|The Winnipeg Robert Burns Club is proud to be a member of, or associated with, a number of organizations, locally, and internationally. Among them, the Robert Burns World Federation, the Robert Burns Association of North America (RBANA), the Scottish Heritage Council of Manitoba, and the Scottish Association of Winnipeg.|
|A casual remark in London’s Embankment Gardens led to the formation of the organization known today as the Robert Burns World Federation.|
In the summer of 1884 prominent Burnsians had gathered in London to attend the unveiling of a bust of Robert Burns in Poet’s Corner of Westminster Abbey. Shortly afterward, three of them, Provost David Mackay and Captain Sneddon of Kilmarnock and Colin Rae Brown, President of London Burns Club were strolling along the Thames Embankment and in the course of the conversation Provost Mackay remarked that it would be a good thing to establish a federation of Burns clubs and societies throughout the world. That chance remark led to a preliminary meeting, in London in February 1885 and an inaugural meeting in Kilmarnock on July 17 to form the Burns Federation.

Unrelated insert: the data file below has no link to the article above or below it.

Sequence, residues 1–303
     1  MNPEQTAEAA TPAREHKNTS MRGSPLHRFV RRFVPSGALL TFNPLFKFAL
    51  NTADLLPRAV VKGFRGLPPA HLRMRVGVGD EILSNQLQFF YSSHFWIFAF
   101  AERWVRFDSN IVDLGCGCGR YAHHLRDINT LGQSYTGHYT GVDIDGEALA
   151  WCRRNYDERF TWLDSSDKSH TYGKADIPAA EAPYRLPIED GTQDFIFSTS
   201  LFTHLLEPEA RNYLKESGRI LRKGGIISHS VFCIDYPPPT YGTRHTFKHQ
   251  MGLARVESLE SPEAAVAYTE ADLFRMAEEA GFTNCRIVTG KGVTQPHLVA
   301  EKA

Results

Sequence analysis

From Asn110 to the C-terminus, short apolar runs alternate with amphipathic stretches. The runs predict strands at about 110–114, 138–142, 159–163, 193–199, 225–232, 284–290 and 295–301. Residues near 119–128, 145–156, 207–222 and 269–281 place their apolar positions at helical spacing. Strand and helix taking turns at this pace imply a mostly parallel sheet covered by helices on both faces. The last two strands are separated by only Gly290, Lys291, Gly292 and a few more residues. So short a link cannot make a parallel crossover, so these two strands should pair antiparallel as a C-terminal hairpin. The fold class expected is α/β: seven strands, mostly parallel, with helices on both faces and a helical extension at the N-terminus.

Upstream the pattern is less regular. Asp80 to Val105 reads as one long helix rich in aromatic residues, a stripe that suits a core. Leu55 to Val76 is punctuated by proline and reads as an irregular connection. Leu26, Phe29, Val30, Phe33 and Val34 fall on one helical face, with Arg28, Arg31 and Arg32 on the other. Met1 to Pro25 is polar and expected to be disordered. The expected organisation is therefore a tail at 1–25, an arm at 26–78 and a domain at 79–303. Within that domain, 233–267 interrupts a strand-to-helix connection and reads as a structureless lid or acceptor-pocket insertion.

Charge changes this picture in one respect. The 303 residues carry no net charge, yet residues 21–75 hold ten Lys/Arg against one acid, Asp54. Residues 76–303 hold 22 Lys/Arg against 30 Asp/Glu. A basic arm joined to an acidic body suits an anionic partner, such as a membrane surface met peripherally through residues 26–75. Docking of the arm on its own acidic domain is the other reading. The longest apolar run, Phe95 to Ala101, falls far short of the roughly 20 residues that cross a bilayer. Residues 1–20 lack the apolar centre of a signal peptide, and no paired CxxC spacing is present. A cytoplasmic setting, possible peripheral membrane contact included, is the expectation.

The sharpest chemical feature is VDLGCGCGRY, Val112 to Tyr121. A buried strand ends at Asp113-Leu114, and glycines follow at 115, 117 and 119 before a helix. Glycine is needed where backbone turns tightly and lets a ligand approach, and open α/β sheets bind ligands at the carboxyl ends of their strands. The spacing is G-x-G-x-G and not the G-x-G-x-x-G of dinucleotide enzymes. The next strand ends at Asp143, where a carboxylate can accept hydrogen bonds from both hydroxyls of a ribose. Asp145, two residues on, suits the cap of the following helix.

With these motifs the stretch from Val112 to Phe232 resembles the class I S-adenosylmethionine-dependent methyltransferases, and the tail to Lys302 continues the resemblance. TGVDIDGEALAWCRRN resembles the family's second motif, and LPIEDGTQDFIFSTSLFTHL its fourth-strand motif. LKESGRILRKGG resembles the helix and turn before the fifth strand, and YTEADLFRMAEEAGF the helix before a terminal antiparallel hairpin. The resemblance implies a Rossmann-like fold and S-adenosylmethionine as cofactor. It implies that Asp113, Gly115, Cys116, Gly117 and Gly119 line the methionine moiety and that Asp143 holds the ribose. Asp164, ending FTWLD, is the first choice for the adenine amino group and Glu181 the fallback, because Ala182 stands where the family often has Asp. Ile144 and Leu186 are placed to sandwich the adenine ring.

17 gentlemen were at that initial meeting, 14 from Kilmarnock, two from Glasgow and Mr Rae Brown, a Glaswegian then resident in London. They decided unanimously to form the Burns Federation and subsequently every club and society throughout the world, known to have a Burns or Scottish character, was notified.
Perhaps the notion of a Federation was too abstract a concept at the time, as it was slow to generate interest in the beginning, though by 1890 some 49 clubs had become affiliated. A major step forward, however, was the launching of the Burns Chronicle in 1892; this provided the vital medium through which the Burns movement could communicate and thereafter progress was more rapid.
On the suggestion of Colin Rae-Brown, since the idea had been formulated in London, the Burns Club of London was granted the distinction of being number 1 on the Federation role. Conscious of the Masonic system of numbering lodging Captain Sneddon announced that Kilmarnock would have the roll number 0.
The Winnipeg Burns Club joining the Federation in 1911, was granted the roll number of 197.
The main objectives of The Robert Burns World Federation Limited are to advance the education of the public, without distinction of sex or political, or religious opinions about the life, poetry and works of Robert Burns and in furtherance thereof:-